Page  409 ï~~wiT and w2T, and that the spacing between w2T and w3 T is greater than that between w2T and w3T. This means that the wiT are stretching partials. In general, the choice of a0 negative will produce a stretching in the resonant modes of the loop. The more negative it is, the more the stretching will be, at least in the lower frequency range. We can make a qualitative comparison between the kind of stretching in the delay line loop with that found in stiff strings by computing a rate of stretching function for the digital loop. We derive So(wkT) = -21r/O'(wkT) to be the separation between partials on the loop at a particular point in the normalized frequency spectrum, wkT, where wk is the kth partial frequency in radians per second. The rate of partial stretching per unit of spectrum on the digital loop is the derivative of So with respect to wkT, = '(wkT) (14) So'(kT)= -2r O(wkT )Z Figure 5 shows a plot of Se' with N = 8, M = 1, and ao = -0.25. Comparing the physical rate of stretching, S', in Figure 1 with the digital loop rate of stretching, So', one can see a qualitative correspondence: each plot ramps up from zero, reaches a maximum, then falls off. If we choose N, M, and a0 well, we can approximate partials of a real stiff string..04.02 Vd2 n (OkT Figure 5: Stretching of Partials on a Delay Loop 5 Fitting Loop Parameters to Measured Data To design a resonant loop of the form z-N HM, we must find a good a0, M, and N. We reduce the field of search by requlring that the filter coefficient, a0, be a power of 2, or 1 minus a power of 2, so that the multiply may be implemented efficiently in hardware as a binary shift plus at most one addition. Coefficients closer to zero provide the most even stretching of partials, but the number of ailpasses needed will be greater; whereas, coefficients closer to -1 will necessitate less filters in the loop, but the effect will be biased in favor of stretching at the lower frequencies. We can eliminate N as a variable by requiring that one of the partial frequencies on the loop be held constant. The necessary value for N may be computed as, 27rno + Mc(27rp(no)T) 2wrp(no )T (15) Choosing no = 1 holds the fundamental fixed. In the case of missing data, or in the case of very low piano strings, where the perceived pitch is more a function of the partials an octave or two above the fundamental, it may be desirable to hold some other partial fixed. Assume that we have a set of partial frequency measurements, pi = p(ni), for a set of partial indices, ni. Given ao, we can compute the apparent partial number, no(ni), on the delay line loop for each of the measured partial frequencies, p(ni), no(ni) = O(2irp(ni)T)/(-2ir) (16) and compare it to the actual partial number for that frequency, ni. If the digital loop is a perfect match for the data, then no(ni) will equal ni. If not, we can nonetheless minimize a least sum of squares error function, e(M) = > (no(ni)- hi)2 (17) As an example, we measured the first 22 partial frequencies of a recorded E2 piano tone. Choosing ao = -.75, we obtained the best fit parameters, M = 2 and N = 255. Figure 6 plots the difference between the apparent partial index on the digital loop, no(n:), and the actual partial index for each of the measured partial frequencies, n, for values of M from 0 (no allpass filters) to 5 (five allpass filters). It is fairly clear from the figure that M = 2 is a good choice. That is, we need only two allpass filters, with coefficient a0 = -.75. If we choose a0 = -.5, similar analysis leads to a choice of N = 221 and M = 16. In this case, the 16 allpass filters can be implemented in parallel bucketbrigade hardware if z221'H'6 is re-formulated as z-205 (z-' H) 16, double buffering the allpass filters. no(n) - n 1 0.75 0.5 0.25 -0.25 -0.5 -0.75 -1 i t 7 i f 1 1 I 7 I A i = t i i, M=O M=1 M=2 M=3 M=4 M=5 n--- Figure 6: Approximating Measured Data ICMC Proceedings 1994 409 Sound SynthesisTechniques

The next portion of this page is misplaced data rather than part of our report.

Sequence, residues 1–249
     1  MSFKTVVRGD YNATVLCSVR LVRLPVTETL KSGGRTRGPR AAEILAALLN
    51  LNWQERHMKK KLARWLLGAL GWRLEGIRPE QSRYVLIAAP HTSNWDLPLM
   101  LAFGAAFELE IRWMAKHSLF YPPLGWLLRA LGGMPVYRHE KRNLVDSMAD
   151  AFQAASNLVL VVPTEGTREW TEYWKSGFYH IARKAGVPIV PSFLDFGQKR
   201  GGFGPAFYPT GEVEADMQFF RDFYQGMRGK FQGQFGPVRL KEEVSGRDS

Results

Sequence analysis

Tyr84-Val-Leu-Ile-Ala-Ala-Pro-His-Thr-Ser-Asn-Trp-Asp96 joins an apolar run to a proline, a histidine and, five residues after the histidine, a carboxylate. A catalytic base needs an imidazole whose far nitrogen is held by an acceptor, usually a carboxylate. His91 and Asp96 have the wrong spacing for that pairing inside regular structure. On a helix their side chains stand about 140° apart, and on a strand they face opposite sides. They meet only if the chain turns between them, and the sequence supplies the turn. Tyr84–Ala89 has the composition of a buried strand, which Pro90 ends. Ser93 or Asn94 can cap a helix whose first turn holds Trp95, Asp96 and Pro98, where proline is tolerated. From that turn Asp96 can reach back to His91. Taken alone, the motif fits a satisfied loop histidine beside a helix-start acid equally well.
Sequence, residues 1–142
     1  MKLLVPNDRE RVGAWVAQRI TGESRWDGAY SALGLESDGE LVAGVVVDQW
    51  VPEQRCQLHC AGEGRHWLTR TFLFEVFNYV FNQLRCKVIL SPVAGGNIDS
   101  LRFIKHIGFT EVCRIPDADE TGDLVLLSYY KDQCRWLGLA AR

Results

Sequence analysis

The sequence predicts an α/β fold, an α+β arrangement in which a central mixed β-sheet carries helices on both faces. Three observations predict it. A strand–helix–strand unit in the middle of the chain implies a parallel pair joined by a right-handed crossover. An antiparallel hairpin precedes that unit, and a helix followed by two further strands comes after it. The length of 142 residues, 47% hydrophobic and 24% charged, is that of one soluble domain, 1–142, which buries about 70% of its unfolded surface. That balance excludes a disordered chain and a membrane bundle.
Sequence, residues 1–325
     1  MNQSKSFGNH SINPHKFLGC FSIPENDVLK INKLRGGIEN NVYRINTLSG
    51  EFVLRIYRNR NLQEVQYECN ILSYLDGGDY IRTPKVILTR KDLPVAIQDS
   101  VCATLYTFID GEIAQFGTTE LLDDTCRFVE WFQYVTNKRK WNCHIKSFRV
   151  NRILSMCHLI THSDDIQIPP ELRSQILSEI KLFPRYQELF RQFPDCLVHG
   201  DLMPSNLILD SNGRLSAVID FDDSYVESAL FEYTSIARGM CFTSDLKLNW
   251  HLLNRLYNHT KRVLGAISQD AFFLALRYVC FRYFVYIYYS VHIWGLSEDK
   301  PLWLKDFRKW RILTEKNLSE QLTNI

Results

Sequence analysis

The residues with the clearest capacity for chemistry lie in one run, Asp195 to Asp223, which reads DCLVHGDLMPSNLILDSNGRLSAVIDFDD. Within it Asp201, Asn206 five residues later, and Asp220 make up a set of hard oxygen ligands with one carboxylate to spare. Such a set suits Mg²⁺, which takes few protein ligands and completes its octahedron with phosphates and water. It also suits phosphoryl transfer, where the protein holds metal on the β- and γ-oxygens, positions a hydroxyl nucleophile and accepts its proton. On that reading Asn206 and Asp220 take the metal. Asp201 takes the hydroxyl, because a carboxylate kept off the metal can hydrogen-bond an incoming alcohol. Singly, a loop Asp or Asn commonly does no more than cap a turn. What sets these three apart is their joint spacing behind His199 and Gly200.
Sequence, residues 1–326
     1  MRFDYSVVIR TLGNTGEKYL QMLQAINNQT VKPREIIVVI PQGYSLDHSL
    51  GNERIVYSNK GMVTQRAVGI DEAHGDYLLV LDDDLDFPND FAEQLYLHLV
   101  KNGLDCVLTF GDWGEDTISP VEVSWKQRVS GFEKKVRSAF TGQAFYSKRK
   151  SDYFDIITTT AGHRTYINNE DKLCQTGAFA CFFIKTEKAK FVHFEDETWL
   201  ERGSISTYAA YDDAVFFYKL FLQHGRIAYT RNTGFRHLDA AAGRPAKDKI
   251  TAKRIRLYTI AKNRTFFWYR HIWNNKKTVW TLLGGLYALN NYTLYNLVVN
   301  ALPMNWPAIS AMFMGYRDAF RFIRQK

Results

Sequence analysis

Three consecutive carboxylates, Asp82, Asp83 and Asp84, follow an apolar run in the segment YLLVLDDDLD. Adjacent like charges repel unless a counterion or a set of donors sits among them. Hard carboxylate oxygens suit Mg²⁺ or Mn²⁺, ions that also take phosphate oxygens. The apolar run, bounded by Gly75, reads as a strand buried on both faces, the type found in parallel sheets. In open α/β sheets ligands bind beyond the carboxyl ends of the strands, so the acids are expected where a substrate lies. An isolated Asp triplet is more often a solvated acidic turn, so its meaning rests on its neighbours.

Page  410 ï~~6 Physical Interpretation 7 Dispersion in Plates,l M=2 7 M=a M=I1 Figure 7: Mass/Spring Chain String Terminations A delay line loop with a one-pole allpass filter in it may be interpreted as an ideal string terminated with an ideal spring, as is shown in Figure 7 for the M = 1 case [Van Duyne, Pierce & Smith, 1994]. The loop computes traveling force waves, where the allpass filter is a transfer function from the right-going force wave, F+, to the left-going force wave, F-, at the spring termination. Given an arbitrary termination impedance, F(s)/V(s) --R(s), the force wave transfer function is, F- _R(s) - Ro F =R(s) +R1o (18) where R0 is the wave impedance of the string, which is the geometric mean of its tension and mass density. When two transfer functions corresponding to two termination impedances, R1 (s) and R2(s), are cascaded in the loop, we find, F- (R1 - R (R2 - Ro\ _ -Ro 1 F =k, = +R, +RO R2+Ro =R+R0 (19) where, F =h=R1R2 + Rol V n +(20) Hence, comparing Equations (18) and (20), we see that the physical termination impedance actually modeled by the two cascaded wave transfer functions is R(s). Using a similar analysis procedure, we may derive the physical string termination impedances for the cascaded digital allpass filters, HM, described earlier. A detailed treatment of allpass modeling of dispersion in the two-dimensional case is not possible here. However, much as in stiff strings, the higher frequencies in stiff membranes travel faster than lower frequencies, causing a "stretching" of the modes. Figure 8 illustrates the spectral effect of terminating a 10 x 10 2D digital waveguide mesh [Van Duyne & Smith, 1993] with single allpass filters around the rim. The six plots in the figure have been scaled horizontally to align the de-tuned fundamental mode in each case so that the mode stretching effect for various choices of allpass coefficient, a0, is clarified. Since the 2D mesh is designed for parallel multiply-free hardware implementation, our simplified multiply-free allpass approach is ideally suited to it. 0 v/4 x/2 3,r/4 u I............... ao = -125..... ao _.2: I.hi i tttIIiif 1I IIt. a LIIi~i.., ii --......_____._..___ttll~ilbldiiri....t:~ ~....:.:.......11 f-11hh, ii::1.ulrbuW,,, h ".-- 0 /4x/2 3/4 g Figure 8: Stretching Modes on the Mesh References [Jaffe & Smith, 1983] D. Jaffe and J. Smith. Extension of the Karplus-Strong plucked string algorithm. CMJ 7 (2), 43-45. [Paladin & Rocchesso, 1992] A. Paladin and D. Rocchesso. A dispersive resonator in real time on MARS Workstation. Proc. ICMC, San Jose. [Morse & Ingard, 1968] P. Morse and K. Ingard. Theoretical Acoustics. McGraw-Hill, New York. [Van Duyne, Pierce & Smith, 1994] S. Van Duyne, J. Pierce, and J. Smith. Traveling wave implementation of a lossless mode-coupling filter and the wave digital hammer. Elsewhere in these proceedings. [Van Duyne & Smith, 1993] 5. Van Duyne and J. Smith. Physical modeling with the 2-D digital waveguide mesh. Proc. ICMC, Tokyo. [Yegnanarayana, 1982] B. Yegnanarayana. Design of recursive group-delay filters by autoregressive modeling. IEEE Trans. of A coust. Sp. and Sig. Proc. ASSP-30, 632-637. H' = ki/s H2 ms+k2/s H3 (k3/s)fJ(m2s + k4/s) H4 = m3s + ((k,/s)11(m4s + k6/s)) (21) (22) (23) (24) where allb ab/(a + b) is a parallel connection of two elements, and all the spring stiffness constants, k=, and masses, mi,, are dependent on kl and the string wave impedance, R0. The physical meanings of these termination impedances are illustrated in Figure 7. We conclude that a delay loop with cascaded one-pole allpass filters corresponds to a distributed transmission line string model extended by a non-uniform lumped transmission line model of chained masses and springs. Sound SynthesisTechniques 410 ICMC Proceedings 1994